Friction and the Normal Force

I know that $F_f=\mu N$ where mu is the coefficient of friction. I'm not concerned whether it's kinetic or static now, but I have a problem with the normal force. If I have two normal forces (for example, pushing a mop you have the normal from gravity and the normal from the angle at which the force is applied) how do I figure out the frictional force? Would I add the two normal vectors together? Or is the rule only to use the normal force from gravity?

Thanks,

Alex

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hotvette
Homework Helper
apmcavoy said:
Would I add the two normal vectors together?
Yes, you would add them together. Whatever contributes to the force in the normal direction would need to be included. If the mop were on the space station, there'd still be friction if you were pushing on it, although you'd need to be braced against something to do it.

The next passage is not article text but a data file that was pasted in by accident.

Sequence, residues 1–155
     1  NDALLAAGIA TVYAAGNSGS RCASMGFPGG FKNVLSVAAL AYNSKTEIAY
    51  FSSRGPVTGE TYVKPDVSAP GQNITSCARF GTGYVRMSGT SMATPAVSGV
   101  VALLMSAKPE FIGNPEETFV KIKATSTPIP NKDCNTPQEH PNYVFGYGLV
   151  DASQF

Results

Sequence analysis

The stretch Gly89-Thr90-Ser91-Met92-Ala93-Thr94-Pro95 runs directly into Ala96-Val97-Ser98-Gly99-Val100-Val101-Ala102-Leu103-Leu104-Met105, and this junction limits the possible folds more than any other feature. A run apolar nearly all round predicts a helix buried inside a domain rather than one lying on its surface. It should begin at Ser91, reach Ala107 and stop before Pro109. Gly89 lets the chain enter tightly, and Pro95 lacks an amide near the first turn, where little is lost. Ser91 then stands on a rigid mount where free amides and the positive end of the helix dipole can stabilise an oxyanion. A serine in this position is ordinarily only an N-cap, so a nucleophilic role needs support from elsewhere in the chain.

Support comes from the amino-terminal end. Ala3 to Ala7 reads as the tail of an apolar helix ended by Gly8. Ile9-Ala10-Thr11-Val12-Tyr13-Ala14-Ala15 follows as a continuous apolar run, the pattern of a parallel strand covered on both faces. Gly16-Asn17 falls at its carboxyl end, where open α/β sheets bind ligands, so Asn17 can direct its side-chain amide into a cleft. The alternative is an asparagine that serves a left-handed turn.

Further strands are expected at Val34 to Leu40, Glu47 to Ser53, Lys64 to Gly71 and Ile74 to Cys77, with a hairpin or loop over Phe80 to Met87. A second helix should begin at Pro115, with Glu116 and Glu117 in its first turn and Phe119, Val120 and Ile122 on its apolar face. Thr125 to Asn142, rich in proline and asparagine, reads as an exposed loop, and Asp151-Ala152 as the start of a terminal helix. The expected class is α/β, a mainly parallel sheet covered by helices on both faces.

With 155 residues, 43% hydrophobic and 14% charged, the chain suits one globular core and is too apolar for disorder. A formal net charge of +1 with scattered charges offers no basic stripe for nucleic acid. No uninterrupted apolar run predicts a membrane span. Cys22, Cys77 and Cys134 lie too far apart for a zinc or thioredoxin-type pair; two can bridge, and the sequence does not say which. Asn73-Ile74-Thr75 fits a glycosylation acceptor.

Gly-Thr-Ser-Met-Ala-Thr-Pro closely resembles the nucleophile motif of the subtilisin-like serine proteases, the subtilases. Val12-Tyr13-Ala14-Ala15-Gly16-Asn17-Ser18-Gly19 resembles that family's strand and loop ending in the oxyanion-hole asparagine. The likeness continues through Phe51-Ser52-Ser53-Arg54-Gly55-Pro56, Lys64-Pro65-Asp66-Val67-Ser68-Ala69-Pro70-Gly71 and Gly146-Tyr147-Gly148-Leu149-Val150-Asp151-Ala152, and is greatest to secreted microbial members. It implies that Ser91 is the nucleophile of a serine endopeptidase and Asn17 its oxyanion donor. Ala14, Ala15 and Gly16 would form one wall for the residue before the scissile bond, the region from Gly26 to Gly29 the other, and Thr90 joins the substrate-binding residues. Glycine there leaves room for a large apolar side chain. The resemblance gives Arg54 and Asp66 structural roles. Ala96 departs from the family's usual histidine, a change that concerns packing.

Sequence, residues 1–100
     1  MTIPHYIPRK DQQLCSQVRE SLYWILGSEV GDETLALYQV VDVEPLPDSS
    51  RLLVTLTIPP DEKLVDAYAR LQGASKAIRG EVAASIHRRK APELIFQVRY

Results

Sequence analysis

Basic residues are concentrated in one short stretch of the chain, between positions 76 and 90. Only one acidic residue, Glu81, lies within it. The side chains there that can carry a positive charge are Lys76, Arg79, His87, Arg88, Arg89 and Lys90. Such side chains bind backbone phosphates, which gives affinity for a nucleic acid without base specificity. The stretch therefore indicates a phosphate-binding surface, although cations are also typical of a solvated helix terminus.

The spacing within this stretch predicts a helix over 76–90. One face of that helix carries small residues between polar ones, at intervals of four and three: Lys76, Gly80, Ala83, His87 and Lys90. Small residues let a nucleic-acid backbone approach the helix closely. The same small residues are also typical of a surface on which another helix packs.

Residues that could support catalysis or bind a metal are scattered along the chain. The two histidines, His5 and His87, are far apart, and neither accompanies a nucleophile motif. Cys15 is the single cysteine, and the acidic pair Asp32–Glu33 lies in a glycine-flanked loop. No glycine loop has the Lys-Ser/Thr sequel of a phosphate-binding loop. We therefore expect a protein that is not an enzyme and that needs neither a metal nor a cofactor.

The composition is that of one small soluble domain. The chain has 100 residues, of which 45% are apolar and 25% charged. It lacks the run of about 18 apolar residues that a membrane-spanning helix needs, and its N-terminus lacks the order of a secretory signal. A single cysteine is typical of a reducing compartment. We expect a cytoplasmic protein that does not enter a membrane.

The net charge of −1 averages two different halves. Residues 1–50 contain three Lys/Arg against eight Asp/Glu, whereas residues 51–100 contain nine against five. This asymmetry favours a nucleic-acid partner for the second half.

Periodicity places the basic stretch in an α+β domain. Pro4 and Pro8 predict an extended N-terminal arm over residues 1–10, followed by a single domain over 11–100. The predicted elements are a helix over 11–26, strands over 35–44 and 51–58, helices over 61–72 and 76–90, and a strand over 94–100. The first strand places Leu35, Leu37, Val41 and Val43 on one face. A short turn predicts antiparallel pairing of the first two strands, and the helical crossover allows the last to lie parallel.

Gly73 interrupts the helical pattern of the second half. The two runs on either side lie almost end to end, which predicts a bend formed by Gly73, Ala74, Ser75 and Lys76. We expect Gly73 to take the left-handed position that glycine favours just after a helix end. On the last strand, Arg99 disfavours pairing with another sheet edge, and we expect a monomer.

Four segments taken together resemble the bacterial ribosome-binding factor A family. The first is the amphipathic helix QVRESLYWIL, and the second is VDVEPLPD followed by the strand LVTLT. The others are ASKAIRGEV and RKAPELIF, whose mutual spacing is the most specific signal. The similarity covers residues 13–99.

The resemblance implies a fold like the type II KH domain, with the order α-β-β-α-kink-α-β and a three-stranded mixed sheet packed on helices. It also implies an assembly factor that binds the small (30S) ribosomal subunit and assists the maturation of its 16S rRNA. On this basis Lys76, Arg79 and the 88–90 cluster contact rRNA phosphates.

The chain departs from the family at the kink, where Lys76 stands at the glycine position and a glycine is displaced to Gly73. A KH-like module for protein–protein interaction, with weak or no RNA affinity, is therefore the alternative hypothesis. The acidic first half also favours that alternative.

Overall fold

mezarashi
Homework Helper
In fact, there is only ONE normal force to any surface. The surface doesn't care whether the reaction is due to gravity or you pushing on it. All the surface "knows" is that if you push something onto it, it will push back equally as hard (Newton's first law), given the surface doesn't break :P

The method then would be to use force analysis again. With Fgrav going down, Fpush going down, and Fnormal going up. The equation looks something like Fgrav + Fpush - Fnormal = 0. If there are any other forces, add them in. Fnormal will change accordingly, and Fnormal is the force you are looking for in Ffrict = Fnormal x coefficient of friction. ^^

An example of you pulling instead of pushing: Fgrav - Fpull - Fnormal = 0.